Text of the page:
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Datadog Stock: Is It a Buy at All-Time Highs?

By Leo Sun – Oct 5, 2020 at 8:43AM

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Datadog's silo-busting platform just became a "first-class service" on Microsoft's Azure.

Datadog's (DDOG -2.00%) stock recently hit an all-time high after the company announced a strategic partnership with Microsoft (MSFT -0.96%).

Microsoft will integrate Datadog's dashboard, which helps companies analyze their full infrastructure, into its cloud platform Azure as a "first-class service." This means companies can set up Datadog automatically on Azure instead of manually migrating their data.

This certainly sounds like another big win for Datadog, which has nearly quadrupled in value since its IPO last September. But is its stock still worth buying at these levels?

A woman examines data on a com,puter.

Image source: Getty Images.

What does Datadog do?

Many large companies host their data across a wide range of servers, cloud services, apps, and software services. Monitoring all that data simultaneously can be difficult, so Datadog's platform breaks down the silos and pulls the fragmented data onto a single dashboard.

Over 400 platforms, including Cisco's Meraki, Amazon's (AMZN -2.23%) cloud-based tools, and Microsoft's Active Directory, already support Datadog's software "out of the box" -- which means they're ready to feed data to its dashboard.

How fast is Datadog growing?

Datadog's revenue rose 83% to $362.8 million in 2019, but its net loss widened from $10.8 million to $16.7 million. In the first half of 2020, its revenue rose 77% year-over-year to $271.3 million, and it squeezed out a GAAP profit of $6.8 million, compared to a loss of $13.4 million a year earlier. On a non-GAAP basis, it posted a profit of $36.5 million, compared to a loss of $12.3 million a year ago.

Datadog's newfound profitability is impressive, since other silo-busting software companies like Snowflake and JFrog -- which both recently went public -- remain unprofitable.

Datadog expects its revenue to rise 56%-58% for the full year, and to post non-GAAP earnings of $0.11-$0.13 per share, compared to a loss of $0.01 per share in 2018. Analysts expect its revenue and non-GAAP earnings to rise 35% and 25%, respectively, next year.

How could Microsoft help Datadog?

Datadog's total number of customers with annual recurring revenue of at least $100,000 grew 71% year-over-year to 594 at the end of the second quarter. It also recently added one-click integration to Amazon Web Services (AWS), the world's largest cloud infrastructure platform.

Servers in a data center.

Image source: Getty Images.

Locking in Microsoft's Azure, the world's second-largest cloud platform clearly complements Datadog's integration with AWS and other cloud services. It also reduces the threat of direct competition from Microsoft and Amazon's own cloud infrastructure monitoring tools.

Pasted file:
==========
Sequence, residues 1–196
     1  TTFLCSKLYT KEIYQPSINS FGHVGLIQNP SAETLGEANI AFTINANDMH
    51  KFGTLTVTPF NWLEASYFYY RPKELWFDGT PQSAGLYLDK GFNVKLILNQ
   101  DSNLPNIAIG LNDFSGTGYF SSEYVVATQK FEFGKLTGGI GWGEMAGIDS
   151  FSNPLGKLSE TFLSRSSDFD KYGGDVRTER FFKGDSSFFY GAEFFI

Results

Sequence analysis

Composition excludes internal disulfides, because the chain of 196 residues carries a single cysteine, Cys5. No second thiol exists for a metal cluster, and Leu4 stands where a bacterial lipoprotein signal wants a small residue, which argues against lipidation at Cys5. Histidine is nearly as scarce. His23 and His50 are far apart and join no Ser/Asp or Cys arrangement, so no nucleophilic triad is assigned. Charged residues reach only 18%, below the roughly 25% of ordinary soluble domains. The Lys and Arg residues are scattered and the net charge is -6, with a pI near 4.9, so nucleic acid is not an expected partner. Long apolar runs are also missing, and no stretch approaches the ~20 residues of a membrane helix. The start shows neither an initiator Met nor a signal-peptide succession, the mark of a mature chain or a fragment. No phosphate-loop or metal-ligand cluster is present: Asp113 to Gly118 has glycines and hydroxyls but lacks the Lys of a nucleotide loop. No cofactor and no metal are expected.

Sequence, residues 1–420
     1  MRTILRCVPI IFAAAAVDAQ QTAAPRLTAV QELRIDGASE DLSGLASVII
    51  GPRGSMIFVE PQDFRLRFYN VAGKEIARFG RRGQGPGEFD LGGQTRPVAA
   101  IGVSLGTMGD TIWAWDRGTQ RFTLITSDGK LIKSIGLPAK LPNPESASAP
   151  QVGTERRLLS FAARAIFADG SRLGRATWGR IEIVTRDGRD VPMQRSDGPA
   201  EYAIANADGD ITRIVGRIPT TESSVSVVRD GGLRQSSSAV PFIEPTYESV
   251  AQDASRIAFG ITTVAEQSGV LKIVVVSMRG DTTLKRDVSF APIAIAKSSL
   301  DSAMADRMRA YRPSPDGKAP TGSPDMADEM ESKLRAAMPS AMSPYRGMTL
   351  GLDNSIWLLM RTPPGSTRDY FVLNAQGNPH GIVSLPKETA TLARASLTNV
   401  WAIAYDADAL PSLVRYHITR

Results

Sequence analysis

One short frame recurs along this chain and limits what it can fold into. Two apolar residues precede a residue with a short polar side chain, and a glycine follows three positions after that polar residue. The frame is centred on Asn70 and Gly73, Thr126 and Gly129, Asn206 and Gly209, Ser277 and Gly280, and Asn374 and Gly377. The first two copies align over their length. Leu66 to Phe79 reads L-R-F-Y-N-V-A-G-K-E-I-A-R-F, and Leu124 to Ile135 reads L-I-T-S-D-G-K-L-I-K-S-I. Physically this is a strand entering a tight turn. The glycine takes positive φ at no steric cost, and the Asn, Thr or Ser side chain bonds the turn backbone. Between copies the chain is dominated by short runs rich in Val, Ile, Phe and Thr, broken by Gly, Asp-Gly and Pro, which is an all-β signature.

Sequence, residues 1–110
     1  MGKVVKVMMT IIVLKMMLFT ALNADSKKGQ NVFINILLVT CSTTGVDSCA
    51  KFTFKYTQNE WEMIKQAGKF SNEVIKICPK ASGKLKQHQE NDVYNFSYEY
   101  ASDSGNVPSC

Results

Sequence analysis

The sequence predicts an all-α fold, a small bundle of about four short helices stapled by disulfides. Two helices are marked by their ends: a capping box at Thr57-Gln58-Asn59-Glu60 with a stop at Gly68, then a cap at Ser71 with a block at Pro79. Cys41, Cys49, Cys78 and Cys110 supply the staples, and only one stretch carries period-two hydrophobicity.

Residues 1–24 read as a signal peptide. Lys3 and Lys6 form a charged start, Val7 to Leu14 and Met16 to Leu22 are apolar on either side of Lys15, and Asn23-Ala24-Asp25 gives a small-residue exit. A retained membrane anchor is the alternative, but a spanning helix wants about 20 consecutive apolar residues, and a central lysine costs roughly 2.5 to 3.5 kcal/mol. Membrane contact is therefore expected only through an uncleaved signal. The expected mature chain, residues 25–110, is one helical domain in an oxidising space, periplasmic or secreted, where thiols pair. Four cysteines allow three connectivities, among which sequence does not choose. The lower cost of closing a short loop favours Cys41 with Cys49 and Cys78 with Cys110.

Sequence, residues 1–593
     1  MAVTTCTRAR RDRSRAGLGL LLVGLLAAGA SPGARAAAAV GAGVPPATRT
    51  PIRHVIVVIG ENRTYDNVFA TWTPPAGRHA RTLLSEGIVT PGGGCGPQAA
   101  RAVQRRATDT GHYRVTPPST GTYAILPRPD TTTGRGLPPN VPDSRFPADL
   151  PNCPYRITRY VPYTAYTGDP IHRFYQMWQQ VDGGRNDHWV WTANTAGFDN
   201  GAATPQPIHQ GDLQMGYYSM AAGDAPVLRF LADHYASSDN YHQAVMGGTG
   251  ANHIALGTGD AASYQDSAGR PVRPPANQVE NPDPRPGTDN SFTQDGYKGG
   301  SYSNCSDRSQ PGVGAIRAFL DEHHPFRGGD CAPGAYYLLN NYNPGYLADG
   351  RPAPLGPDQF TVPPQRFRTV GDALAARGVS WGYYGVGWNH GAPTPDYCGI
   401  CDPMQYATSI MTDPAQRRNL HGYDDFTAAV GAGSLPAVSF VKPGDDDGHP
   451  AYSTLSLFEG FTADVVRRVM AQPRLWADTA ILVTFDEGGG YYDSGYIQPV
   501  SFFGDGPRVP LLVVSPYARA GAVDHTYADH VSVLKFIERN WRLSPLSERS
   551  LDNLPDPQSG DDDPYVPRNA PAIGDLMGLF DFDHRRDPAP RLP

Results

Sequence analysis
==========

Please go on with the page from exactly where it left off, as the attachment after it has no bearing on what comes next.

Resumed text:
By strengthening its ties to Azure and AWS, Datadog can widen its moat against other high-growth rivals like Splunk and Elastic, as well as diversified tech giants like Cisco and IBM.

Corey Sanders, Azure's corporate VP, declared Azure was the "first cloud to enable a seamless configuration and management experience for customers to use partner solutions like Datadog." However, that statement also suggests Microsoft is leaving the door open for similar deals with Datadog's rivals -- so investors shouldn't mistake this "strategic partnership" for an exclusive deal.

Beware the expectations and valuations

Datadog's stock has generated impressive returns over the past year, but it's now valued at over 40 times next year's sales. That frothy valuation, which bakes in decades of robust growth, could limit the stock's upside potential.

That being said, Datadog's streamlined approach to monitoring data, its expanding customer base, and its tight integration into the world's top cloud platforms could all justify that premium valuation. I personally believe Datadog's stock is still worth nibbling on at these levels, and that its deal with Microsoft highlights the growing market demand for unified data silo-busting services.

John Mackey, CEO of Whole Foods Market, an Amazon subsidiary, is a member of The Motley Fool's board of directors. Teresa Kersten, an employee of LinkedIn, a Microsoft subsidiary, is a member of The Motley Fool's board of directors. Leo Sun owns shares of Amazon and Cisco Systems. The Motley Fool owns shares of and recommends Amazon, Datadog, Elastic N V, Microsoft, and Splunk. The Motley Fool recommends Snowflake Inc and recommends the following options: long January 2021 $85 calls on Microsoft, short January 2021 $115 calls on Microsoft, short January 2022 $1940 calls on Amazon, and long January 2022 $1920 calls on Amazon. The Motley Fool has a disclosure policy.

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Datadog Stock Quote
$72.00 (-2.00%) $-1.47
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Amazon Stock Quote
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